With Brussels, Antwerp has the unenviable record of the worst traffic congestion in Europe. The two cities even beat Milan. Their ring roads are the twin centres of a spider web of highways that are impossible to evade. Travelling across the country, there is no option but to pass at least one or both cities, even if you do not need to be there (and the same is true for the rail network – half of all trains go through Brussels). In Antwerp, the transformation of a listed 1922 fire station into the port authority’s headquarters may look like the city’s largest diamond, but it will no longer sit at the cutting-edge of solving the traffic jams.
The British Embassy in Warsaw, Poland, eschewing imperial pomp and grandeur for a more modern show of diplomatic prestige. Image Credit: Peter Cook
Featured in the original visuals of the competition entries was a monumental viaduct connecting the port to the city, linking both banks of the Scheldt, and completing a ring road, that would resolve the traffic problem. By the time the building was completed in 2016, following a referendum, the bridge had been cancelled to be replaced by a two-kilometre tunnel, part of a 15km-long section of the Oosterweel Link, and the largest infrastructure project in Flanders now due to be opened by 2025.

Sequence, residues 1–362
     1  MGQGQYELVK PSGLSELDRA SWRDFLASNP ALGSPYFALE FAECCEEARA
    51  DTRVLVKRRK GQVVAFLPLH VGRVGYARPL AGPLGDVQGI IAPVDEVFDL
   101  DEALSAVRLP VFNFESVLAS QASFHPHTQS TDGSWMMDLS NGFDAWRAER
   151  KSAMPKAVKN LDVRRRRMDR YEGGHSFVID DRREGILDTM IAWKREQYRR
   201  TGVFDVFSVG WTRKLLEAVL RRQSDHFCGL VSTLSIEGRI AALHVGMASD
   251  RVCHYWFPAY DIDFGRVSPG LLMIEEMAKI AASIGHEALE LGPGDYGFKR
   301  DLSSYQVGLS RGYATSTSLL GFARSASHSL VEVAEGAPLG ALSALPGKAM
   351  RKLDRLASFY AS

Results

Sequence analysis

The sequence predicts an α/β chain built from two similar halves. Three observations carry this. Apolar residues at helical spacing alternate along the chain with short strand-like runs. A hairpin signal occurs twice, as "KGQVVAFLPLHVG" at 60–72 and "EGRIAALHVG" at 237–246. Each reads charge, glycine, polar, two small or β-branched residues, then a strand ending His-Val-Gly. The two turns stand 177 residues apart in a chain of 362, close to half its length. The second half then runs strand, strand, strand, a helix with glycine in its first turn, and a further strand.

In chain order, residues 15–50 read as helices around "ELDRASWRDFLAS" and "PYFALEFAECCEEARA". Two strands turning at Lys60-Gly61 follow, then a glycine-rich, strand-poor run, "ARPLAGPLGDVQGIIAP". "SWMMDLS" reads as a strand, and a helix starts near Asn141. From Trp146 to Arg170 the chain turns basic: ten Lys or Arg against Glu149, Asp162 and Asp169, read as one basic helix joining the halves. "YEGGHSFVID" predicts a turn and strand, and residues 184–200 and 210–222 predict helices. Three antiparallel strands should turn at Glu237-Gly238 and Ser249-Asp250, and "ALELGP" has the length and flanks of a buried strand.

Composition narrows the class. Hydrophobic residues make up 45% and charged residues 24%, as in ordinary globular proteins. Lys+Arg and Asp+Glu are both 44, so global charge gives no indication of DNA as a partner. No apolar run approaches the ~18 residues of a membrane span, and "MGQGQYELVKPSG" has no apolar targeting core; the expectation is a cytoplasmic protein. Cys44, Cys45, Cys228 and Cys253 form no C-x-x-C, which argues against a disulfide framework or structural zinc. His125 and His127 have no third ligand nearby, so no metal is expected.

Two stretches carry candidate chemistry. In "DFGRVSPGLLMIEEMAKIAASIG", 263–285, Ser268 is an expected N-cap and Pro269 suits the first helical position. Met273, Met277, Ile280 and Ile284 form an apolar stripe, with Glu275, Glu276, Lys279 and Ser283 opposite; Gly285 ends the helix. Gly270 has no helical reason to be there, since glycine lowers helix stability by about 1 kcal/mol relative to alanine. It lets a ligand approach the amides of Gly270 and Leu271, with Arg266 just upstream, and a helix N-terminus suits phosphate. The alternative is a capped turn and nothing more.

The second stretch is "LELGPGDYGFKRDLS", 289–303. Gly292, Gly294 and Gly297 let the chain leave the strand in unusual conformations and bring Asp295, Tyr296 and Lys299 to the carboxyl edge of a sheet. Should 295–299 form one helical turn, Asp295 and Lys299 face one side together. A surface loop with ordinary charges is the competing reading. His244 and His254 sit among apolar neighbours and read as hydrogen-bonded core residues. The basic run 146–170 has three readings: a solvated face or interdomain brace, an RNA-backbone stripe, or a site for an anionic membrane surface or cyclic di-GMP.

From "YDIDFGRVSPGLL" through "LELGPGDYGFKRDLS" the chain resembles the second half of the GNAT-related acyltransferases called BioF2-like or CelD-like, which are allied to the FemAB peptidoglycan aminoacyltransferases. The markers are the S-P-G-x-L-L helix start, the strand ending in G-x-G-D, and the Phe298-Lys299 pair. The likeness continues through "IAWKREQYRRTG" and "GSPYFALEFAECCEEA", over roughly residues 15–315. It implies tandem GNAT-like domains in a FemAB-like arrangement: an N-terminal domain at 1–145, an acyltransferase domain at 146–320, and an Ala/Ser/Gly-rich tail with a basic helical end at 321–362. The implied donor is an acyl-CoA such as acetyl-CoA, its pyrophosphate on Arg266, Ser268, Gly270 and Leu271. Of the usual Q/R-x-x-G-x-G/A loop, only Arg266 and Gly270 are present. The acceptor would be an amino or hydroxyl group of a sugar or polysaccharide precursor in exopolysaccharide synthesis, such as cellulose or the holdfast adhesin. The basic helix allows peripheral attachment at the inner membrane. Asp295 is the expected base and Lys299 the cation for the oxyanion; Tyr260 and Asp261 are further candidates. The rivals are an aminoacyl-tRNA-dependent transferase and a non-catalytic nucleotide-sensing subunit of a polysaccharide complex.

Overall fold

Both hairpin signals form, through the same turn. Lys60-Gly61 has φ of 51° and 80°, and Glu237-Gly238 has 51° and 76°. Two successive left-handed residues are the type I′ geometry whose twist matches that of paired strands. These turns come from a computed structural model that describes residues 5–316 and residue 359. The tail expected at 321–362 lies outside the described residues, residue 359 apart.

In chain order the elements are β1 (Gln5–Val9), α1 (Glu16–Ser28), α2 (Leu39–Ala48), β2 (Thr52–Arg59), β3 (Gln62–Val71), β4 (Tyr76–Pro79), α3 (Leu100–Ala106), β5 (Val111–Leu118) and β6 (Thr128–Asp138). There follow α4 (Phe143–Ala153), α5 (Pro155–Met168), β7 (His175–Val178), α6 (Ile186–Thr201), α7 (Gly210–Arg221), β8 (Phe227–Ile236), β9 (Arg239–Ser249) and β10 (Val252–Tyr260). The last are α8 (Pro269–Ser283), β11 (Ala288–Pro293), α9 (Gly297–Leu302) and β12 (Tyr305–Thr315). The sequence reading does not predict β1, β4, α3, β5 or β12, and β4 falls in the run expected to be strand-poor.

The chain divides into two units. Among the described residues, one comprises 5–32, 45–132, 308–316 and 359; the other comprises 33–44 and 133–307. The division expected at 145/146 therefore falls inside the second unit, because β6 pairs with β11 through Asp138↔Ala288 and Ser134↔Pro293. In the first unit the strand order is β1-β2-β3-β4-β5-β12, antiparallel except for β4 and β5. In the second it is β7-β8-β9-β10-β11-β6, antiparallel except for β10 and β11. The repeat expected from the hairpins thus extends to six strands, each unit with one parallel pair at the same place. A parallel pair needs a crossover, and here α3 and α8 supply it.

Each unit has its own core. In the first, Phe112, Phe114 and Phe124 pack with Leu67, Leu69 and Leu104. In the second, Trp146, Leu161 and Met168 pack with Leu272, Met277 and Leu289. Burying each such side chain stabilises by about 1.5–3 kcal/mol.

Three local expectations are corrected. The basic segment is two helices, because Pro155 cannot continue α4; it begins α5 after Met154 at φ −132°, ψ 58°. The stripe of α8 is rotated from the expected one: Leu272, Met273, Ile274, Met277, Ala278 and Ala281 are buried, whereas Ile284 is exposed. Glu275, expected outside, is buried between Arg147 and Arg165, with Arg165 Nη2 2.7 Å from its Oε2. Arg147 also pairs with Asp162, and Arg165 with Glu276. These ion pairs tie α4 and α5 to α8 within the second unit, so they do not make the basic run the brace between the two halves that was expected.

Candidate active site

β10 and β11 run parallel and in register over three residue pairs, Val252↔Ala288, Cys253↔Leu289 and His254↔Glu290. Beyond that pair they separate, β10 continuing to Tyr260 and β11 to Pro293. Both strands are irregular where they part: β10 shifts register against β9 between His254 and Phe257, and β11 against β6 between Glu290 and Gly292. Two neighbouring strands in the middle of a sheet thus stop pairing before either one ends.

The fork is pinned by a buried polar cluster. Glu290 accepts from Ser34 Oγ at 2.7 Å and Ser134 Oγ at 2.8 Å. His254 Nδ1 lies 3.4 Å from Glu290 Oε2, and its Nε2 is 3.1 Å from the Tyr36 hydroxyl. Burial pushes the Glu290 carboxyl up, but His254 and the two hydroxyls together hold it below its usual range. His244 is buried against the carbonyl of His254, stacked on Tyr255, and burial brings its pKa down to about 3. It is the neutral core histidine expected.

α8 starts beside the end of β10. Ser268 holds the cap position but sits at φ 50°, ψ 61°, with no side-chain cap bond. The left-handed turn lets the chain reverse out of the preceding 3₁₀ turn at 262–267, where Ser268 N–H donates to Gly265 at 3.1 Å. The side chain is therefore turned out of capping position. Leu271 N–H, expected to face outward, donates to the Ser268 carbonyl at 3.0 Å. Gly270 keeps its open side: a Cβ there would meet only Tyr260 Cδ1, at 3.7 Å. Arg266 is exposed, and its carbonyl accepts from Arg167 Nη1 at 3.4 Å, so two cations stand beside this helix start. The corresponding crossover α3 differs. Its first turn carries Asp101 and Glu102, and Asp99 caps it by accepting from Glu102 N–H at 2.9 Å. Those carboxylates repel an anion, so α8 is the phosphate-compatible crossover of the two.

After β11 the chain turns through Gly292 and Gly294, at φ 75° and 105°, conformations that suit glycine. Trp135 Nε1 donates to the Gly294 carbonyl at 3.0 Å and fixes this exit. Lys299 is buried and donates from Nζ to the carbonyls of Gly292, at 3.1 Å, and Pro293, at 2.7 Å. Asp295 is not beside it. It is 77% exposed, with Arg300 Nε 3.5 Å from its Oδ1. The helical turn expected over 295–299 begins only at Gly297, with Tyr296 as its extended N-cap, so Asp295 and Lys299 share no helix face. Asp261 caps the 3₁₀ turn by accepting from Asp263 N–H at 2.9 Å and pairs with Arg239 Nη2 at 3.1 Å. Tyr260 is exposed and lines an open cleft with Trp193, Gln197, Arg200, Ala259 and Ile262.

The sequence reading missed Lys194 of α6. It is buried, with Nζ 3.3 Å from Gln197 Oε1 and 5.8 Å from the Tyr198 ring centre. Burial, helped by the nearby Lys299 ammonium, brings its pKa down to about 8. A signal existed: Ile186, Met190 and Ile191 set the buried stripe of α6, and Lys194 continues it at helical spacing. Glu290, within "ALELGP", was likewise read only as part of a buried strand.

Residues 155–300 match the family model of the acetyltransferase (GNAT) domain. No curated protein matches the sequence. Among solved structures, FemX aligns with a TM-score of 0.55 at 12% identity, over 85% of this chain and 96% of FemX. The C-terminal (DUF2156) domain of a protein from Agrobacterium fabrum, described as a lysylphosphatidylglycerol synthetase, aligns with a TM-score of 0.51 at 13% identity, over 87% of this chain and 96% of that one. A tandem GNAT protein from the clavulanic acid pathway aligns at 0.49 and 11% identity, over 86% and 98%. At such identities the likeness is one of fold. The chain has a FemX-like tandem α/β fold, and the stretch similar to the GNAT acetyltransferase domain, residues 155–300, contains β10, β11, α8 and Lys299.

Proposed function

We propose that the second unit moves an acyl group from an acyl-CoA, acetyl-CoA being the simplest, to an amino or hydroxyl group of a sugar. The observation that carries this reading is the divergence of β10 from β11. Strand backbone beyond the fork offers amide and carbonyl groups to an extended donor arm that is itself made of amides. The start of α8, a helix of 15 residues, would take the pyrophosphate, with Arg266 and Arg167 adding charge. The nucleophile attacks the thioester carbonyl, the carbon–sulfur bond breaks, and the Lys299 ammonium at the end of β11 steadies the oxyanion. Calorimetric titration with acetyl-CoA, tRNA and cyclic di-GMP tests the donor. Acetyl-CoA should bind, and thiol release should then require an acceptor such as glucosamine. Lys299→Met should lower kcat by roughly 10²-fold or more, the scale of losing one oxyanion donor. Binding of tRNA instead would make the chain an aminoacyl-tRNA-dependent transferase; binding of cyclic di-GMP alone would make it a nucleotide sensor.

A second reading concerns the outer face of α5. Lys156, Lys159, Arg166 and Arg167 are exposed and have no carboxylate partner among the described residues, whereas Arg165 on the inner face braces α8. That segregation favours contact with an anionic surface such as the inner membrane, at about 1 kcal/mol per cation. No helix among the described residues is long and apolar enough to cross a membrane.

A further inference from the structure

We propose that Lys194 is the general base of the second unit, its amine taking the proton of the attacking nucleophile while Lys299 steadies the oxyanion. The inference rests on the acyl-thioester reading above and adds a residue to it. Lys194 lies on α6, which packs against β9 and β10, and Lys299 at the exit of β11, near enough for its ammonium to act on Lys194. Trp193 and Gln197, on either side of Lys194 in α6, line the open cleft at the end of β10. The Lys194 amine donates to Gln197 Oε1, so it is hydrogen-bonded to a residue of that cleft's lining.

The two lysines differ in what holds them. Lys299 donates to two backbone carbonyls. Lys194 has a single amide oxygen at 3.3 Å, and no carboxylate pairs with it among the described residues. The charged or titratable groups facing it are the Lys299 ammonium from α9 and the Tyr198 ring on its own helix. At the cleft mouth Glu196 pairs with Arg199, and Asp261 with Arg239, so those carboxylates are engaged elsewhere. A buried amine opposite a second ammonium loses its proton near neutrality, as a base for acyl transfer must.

Once completed, the quays of the disused Kattendijk dock, with the Port House close to its northern edge, slowly filled with housing – apartment towers by David Chipperfield, Diener & Diener and Tony Fretton – extending the city’s borders in the direction of the port. The port building designed by Zaha Hadid is as overpowering as might be expected, an iconoclastic vision of the future, and one that, according to the Flemish government architect, Tania Hertveld, succeeds. ‘Not everyone is particularly fond of the chosen design by Zaha Hadid. But the commissioner got exactly what he had asked for in the project definition: a spectacular building that catches the eye of every visitor to Antwerp and that was designed by an international starchitect. It is a merit of the Open Call that commissioners can decide for themselves how they want to show their organisation to the outside world.’